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The Relationship Between Japan and Burma

Tetsuro Usul & Claire Debenham*

(On June 8, i989, the State Law and Order Restoration Council [SLORC] changed its country's name from the Union of Burma to- the Union of Myanmar. Historically, the name "Myanmer" refers only to the majority Burmese people, not to the other tribal peoples, such as the Karen or Kachin. The name "Burma" is also problematic: it comes from "bama," which also refers only to the majority Burmese population. During the independence movement in the 1930s, however, the nationalist Thakin Party used "bama" as a label to include all of the peoples of Burma. SLORC wanted to change Burma's image and so changed - its name. However, we prefer to use the original name as it is more inclusive.)

Background History

Japanese businesses have been interested in Burmese natural resources since the beginning of this century. Rice, cotton and lead were initial exports from Burma to Japan, and cotton clothes were imported. At the beginning of the 1920s, a Japanese consulate opened in Rangoon, and Japanese guesthouses, shops and restaurants were started. Some Japanese -even went as Christian missionaries. During the 1930s, the volume of trade increased, but it never exceeded 4% of Burma's total trade.

In 1933, the Japan-Burma Association was established by Japanese businessmen. They did not work to develop an economic relationship but instead functioned as a propaganda bureau for Japanese culture and goods. Two years earlier the Japanese army had invaded China and occupied Manchuria, setting up the puppet regime of Manchuria. They were preparing their move southward to establish the "Greater East Asia Co-Prosperity Sphere." In Burma, at that time a British colony, the Japanese who lived there were spreading propaganda about Japan's good intentions towards Asia.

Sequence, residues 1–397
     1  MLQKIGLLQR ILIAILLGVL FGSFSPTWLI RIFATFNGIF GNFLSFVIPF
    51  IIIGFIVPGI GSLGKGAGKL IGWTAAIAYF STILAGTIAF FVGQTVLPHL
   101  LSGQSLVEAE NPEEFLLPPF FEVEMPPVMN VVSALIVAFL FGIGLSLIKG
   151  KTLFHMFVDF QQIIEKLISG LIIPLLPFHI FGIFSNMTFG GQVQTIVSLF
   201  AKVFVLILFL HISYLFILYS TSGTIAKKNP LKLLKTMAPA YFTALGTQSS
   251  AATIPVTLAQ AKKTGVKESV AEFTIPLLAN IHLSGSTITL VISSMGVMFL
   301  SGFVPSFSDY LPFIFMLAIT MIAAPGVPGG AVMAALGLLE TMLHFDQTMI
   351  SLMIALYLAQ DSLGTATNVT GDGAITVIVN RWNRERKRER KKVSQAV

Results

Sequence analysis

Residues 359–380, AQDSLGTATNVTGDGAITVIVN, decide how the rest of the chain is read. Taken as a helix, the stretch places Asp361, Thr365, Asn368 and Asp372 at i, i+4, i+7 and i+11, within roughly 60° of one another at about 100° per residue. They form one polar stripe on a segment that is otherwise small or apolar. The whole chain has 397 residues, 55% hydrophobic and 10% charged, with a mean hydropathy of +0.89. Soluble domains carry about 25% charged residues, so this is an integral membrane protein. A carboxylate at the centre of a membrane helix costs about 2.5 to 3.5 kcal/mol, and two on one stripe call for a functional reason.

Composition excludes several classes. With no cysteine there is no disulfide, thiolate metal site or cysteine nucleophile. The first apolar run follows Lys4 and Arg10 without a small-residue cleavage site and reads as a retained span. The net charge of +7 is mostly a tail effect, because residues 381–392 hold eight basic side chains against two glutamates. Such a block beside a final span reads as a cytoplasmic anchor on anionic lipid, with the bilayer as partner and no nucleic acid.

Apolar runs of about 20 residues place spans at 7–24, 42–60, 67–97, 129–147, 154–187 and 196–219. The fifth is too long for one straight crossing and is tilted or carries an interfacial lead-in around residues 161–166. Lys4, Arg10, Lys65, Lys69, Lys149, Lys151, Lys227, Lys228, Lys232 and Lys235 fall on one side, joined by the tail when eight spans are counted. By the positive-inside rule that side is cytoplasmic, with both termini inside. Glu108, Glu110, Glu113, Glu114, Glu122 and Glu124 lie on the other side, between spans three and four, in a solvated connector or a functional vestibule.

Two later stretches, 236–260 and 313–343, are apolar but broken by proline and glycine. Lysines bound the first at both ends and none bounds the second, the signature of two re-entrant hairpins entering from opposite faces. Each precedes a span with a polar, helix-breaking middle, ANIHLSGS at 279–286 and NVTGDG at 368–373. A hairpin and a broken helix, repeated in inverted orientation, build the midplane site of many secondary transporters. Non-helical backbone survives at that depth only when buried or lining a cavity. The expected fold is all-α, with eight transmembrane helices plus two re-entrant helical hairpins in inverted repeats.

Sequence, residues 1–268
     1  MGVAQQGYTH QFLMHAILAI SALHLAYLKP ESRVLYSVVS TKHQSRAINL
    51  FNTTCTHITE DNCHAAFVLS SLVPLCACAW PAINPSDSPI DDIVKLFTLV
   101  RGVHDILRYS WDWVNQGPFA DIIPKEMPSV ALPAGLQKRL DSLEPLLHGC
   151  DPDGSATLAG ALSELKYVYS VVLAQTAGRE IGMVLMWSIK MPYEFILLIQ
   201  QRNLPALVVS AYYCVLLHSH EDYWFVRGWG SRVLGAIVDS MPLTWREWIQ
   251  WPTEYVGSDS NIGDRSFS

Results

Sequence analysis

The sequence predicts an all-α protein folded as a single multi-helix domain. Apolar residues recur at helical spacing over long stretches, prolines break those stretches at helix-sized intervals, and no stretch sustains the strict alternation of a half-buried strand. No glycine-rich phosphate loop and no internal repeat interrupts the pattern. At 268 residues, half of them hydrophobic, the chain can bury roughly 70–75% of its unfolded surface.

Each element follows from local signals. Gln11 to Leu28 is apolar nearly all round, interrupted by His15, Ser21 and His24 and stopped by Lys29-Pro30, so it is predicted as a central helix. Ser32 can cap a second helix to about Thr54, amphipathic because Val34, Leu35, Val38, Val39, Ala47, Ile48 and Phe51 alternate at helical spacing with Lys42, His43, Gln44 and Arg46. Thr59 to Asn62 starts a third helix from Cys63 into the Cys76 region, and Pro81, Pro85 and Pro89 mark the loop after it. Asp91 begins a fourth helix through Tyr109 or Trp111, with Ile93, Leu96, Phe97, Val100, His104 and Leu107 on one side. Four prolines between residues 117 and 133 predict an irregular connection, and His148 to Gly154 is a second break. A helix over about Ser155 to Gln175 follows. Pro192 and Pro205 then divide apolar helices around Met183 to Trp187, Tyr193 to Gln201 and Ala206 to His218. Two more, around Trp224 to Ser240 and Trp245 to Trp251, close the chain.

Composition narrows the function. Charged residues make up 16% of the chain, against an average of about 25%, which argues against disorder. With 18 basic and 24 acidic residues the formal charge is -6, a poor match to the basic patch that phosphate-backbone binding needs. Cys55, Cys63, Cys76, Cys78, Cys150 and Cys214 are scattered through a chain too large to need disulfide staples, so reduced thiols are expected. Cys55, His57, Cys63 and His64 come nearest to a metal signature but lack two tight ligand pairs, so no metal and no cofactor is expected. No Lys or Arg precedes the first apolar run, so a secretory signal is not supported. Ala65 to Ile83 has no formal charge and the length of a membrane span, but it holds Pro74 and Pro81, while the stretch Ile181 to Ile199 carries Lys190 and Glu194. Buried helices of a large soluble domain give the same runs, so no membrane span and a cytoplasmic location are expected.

In November 1936, an election for the lower house of the Burmese Parliament was held. Keneko Toyoji, a diplomat at the Japanese consulate in Rangoon, supported the candidacy of U Saw Oo, who had visited Japan and was pro-Japanese in policy; Kaneko donated large sums of money to his campaign. Japanese military intelligence was also involved in the transaction.

(U Saw's story is interesting. He was a man who loved his country but became squeezed-- between the British and the Japanese -and who eventually became the victim of his own ambitions. He won the 1936 election and went on to become prime minister in 1940. He was jailed by the - British for contacting Japanese intelligence on a trip to Lisbon in 1940 and was imprisoned in Uganda during the war. In 1946, he returned to Burma but found no place in a nation moving rapidly towards independence. Isolated and powerless, he arranged for the assassination of nationalist leader Aung San in 1948 in the hope that the British would appoint him again as prime minister. However, his part in the killing was discovered, and he was executed soon after Burma became independent.)